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APPENDIX B OBJECTIVES, SCOPE AND, METHODOLOGY Objective The U.S. Department of Labor, Office of Inspector General (OIG), conducted a performance audit of a $1.1 million contract awarded to CMP by NYSDOL, under a $25 million NEG received from ETA. The contract covered the period December 2001 to April 2003. The audit objectives were to determine if: • • • • Scope We conducted a performance audit of NEG funds received by CMP from NYSDOL under Contract Number C009482. The contract period was December 2001 to April 2003. Total reported expenditure was $1,084,110 including $585,282 of expenditures of four subcontractors: the ChineseAmerican Planning Council, Chinese Christian Herald Crusade, American Beauty School and New York Urban League. We tested $210,154, or 19 percent of the $1,084,110 reported costs allocated to the contract. Using non-statistical sampling methods, we examined $26,612 (35 percent) and $99,821 (24 percent) of reported non-personnel and personnel costs of $76,737 and $422,091, respectively. In addition, we non-statistically tested $83,721 of reported lower-tier subcontractor costs of $585,282. To test participant eligibility, services received, and outcomes, we obtained a listing of all enrolled participants at CMP and its subcontractors. From this list of 577, we selected a non-statistical sample of 70 participants enrolled in the program. We obtained participant case files and examined all supporting information. Methodology We obtained an understanding of internal controls over subcontracting, cost allocation and eligibility through inquiries with appropriate personnel, inspection of relevant documents, and observations of CMP’s operations. We tested compliance with contract requirements and Federal and state regulations using the following criteria: allegations in a hotline complaint were valid; cost principles were followed; participants were eligible; and procurement regulations were followed.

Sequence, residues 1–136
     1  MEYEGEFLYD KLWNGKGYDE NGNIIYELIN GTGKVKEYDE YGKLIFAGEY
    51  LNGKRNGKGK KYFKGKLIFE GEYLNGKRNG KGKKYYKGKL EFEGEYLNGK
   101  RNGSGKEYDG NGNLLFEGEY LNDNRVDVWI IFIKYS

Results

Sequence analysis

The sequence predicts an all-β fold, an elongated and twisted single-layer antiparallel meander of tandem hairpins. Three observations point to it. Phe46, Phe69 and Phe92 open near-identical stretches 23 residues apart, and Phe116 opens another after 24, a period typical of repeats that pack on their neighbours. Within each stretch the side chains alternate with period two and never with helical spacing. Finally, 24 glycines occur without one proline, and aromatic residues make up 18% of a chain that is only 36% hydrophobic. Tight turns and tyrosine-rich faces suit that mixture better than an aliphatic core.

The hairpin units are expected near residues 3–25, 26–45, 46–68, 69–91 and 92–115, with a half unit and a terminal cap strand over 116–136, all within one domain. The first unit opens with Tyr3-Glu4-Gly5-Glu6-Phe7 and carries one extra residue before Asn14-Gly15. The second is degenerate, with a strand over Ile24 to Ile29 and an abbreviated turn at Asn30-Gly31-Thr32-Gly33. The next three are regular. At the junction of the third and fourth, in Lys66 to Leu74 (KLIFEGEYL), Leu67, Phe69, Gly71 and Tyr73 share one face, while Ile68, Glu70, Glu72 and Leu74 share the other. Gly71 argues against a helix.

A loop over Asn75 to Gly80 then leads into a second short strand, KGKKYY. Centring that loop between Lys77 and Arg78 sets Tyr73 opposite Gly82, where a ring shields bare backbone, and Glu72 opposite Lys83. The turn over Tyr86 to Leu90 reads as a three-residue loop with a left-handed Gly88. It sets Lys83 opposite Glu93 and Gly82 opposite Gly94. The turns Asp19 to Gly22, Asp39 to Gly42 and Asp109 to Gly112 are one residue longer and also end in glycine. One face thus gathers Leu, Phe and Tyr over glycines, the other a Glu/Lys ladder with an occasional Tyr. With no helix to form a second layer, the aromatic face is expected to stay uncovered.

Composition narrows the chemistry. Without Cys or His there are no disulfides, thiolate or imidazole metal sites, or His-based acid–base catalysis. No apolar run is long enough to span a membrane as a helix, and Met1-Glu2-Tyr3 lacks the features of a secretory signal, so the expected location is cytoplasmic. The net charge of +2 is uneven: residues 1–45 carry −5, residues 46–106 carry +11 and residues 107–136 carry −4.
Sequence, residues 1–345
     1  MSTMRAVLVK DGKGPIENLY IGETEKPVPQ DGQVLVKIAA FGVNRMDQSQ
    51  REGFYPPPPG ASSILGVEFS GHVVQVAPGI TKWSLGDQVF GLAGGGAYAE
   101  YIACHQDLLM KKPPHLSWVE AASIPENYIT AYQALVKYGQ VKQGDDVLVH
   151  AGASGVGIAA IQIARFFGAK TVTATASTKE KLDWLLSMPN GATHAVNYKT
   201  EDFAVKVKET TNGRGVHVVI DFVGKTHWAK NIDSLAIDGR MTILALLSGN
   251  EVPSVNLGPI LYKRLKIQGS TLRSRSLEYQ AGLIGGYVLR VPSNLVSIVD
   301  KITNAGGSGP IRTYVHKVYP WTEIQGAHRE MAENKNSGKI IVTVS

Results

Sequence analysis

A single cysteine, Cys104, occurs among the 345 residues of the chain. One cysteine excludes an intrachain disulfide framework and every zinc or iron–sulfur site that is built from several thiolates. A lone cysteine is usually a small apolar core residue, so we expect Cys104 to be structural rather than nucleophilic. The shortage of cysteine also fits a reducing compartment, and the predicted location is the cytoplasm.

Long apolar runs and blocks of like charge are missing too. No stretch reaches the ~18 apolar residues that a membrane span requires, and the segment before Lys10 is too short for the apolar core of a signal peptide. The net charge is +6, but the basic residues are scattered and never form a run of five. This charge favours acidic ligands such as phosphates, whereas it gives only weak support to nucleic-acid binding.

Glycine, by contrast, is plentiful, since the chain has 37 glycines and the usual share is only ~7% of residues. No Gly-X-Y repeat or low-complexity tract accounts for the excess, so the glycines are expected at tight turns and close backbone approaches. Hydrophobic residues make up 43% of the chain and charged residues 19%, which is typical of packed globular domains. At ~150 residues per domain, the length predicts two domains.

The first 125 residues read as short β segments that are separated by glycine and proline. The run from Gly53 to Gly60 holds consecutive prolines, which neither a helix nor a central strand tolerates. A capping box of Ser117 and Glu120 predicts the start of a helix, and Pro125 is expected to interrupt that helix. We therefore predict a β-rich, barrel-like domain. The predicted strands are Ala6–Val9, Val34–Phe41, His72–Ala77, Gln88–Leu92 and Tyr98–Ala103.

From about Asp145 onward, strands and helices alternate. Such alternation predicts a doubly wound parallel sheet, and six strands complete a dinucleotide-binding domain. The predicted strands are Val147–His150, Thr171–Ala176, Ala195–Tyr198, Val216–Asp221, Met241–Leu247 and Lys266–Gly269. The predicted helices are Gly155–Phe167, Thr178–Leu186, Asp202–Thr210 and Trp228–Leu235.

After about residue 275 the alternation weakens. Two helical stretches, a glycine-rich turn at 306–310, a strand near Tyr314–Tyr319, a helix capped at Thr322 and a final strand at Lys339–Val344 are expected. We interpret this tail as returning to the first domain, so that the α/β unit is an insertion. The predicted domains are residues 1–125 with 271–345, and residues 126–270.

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• •